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The latest NHS England statistics for patients waiting to start treatment show that 385,490 patients have been waiting for one year or more.

Consultant-led Referral To Treatment (RTT) figures are published monthly by NHS England, which monitor the length of time from referral through to elective treatment. The latest statistics cover the period up until April 2021.

According to the latest data, just under 400,000 people that have waited more than one year for treatment start. This could be for rheumatology, orthopaedic services, general surgery, cardiology, paediatric services, mental health and many other areas.

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However, as seen in the Health Service Journal (HSJ), the number of waiting upwards of 52 weeks for treatment to begin fell substantially from 436,127 in March to 385,490 in April.

Overall, there are over five million people waiting for treatment to start, which represents a record high since records began in 2007 for NHS England.

Of this number, 3.3 million people are still within NHS England’s waiting time target of 18 weeks for treatment to start. This equates to nearly two-thirds still within the 18-week timeframe.

Responding to the publication of NHS England’s monthly performance statistics, Tim Gardner, Senior Policy Fellow at the Health Foundation, said: “Today’s figures are a stark reminder of the pressure the NHS faces as it works to tackle the enormous backlog in routine hospital care caused by the pandemic.

“Nearly 3,000 people have now been waiting more than two years for a procedure which the NHS constitution promises should be performed within 18 weeks, and nearly 400,000 have been waiting over a year. The total number of people waiting for routine hospital care – 5.1 million – is now greater than at any time since records began in 2007.

“Waits of this magnitude are not acceptable to anyone and we know that the NHS and government are working hard to find a solution. The NHS needs to increase levels of activity but this will be extremely difficult with significant workforce shortages, post-pandemic staff burnt-out and ongoing constraints on capacity due to COVID-19, including social distancing.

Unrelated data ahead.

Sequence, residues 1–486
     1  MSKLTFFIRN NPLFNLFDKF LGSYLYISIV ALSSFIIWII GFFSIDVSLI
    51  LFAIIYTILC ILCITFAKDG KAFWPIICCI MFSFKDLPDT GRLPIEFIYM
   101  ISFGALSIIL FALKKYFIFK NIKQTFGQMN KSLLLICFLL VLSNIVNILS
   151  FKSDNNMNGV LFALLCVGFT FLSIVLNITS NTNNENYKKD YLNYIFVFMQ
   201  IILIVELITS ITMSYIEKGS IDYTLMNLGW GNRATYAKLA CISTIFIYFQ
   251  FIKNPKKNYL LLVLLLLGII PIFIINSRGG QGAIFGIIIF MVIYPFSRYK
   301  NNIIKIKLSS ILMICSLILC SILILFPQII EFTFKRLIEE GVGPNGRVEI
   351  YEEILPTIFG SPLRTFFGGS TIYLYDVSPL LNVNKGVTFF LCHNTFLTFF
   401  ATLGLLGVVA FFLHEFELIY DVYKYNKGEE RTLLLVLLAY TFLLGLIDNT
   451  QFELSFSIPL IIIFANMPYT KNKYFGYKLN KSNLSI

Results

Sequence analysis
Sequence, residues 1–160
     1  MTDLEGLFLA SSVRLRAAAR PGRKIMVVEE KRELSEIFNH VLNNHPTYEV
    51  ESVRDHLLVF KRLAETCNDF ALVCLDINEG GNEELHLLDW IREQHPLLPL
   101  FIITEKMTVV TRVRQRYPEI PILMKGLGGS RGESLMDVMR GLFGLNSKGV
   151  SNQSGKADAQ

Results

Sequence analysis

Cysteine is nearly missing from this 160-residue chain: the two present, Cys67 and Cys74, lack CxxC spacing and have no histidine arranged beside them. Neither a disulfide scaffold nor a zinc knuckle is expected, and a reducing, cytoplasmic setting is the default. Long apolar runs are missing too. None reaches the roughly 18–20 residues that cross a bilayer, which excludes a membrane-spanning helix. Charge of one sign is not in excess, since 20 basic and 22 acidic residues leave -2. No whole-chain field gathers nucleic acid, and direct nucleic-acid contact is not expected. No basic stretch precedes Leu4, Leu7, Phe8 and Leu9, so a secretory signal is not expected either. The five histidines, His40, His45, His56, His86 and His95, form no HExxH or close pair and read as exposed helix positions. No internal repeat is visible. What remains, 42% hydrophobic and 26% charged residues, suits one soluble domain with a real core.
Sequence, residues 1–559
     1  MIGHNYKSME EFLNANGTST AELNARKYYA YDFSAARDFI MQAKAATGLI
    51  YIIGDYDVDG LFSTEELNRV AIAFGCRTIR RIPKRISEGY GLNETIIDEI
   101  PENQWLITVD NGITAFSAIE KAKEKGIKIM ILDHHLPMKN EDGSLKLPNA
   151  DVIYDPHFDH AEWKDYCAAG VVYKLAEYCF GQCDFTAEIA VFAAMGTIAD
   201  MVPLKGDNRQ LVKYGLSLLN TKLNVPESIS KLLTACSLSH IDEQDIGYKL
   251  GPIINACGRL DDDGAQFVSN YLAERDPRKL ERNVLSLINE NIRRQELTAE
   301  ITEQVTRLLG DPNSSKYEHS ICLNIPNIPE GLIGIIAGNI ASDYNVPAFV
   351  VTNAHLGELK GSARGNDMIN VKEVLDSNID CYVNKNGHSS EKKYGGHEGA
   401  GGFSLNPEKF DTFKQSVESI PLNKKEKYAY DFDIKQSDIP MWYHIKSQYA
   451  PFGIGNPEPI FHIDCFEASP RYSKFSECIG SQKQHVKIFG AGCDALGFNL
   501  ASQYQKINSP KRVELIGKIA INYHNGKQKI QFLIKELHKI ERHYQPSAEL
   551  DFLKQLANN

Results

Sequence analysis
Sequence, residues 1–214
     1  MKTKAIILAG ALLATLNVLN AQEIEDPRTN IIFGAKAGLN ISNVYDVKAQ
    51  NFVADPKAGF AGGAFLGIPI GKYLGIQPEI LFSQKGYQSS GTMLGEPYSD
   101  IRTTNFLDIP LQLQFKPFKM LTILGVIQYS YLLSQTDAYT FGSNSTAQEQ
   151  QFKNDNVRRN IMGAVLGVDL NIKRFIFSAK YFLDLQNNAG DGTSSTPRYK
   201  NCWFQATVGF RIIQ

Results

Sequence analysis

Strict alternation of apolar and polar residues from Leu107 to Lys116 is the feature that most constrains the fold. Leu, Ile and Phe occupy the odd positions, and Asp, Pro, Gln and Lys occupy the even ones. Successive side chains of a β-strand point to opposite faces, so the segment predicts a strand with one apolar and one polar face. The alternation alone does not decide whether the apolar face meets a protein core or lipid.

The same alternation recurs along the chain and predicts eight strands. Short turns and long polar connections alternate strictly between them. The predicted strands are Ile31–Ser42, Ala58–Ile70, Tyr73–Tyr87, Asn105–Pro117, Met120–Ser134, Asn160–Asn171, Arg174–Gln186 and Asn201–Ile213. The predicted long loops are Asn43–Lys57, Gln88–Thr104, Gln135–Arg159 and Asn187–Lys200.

“The NHS urgently needs additional resources but importantly, local services also need the freedom and support to trial and evaluate innovative new approaches to tackling the backlog and share learning across the country. Making incremental improvements to business as usual, while important, will not be enough to address a challenge of this scale.”

However, NHS England has said that the number of patients waiting 52 weeks or more for treatment to begin has fallen by around 50,000 since March, which shows that the health service is “rebounding sharply”.

Professor Stephen Powis, National Medical Director for NHS England, commented: “Despite the extensive disruption to care caused by the pandemic, it’s encouraging that today’s figures show routine operations, cancer and mental health care have now all rebounded sharply.

“Average waits for non-urgent care have fallen to 11 weeks, and the number of people waiting over 52 weeks fell by more than 50,000 in April. Mental health services are back at pre-pandemic levels, and treatment rates for cancer are also now back to usual levels, with nearly nineteen out of twenty people starting treatment for the disease within one month.”

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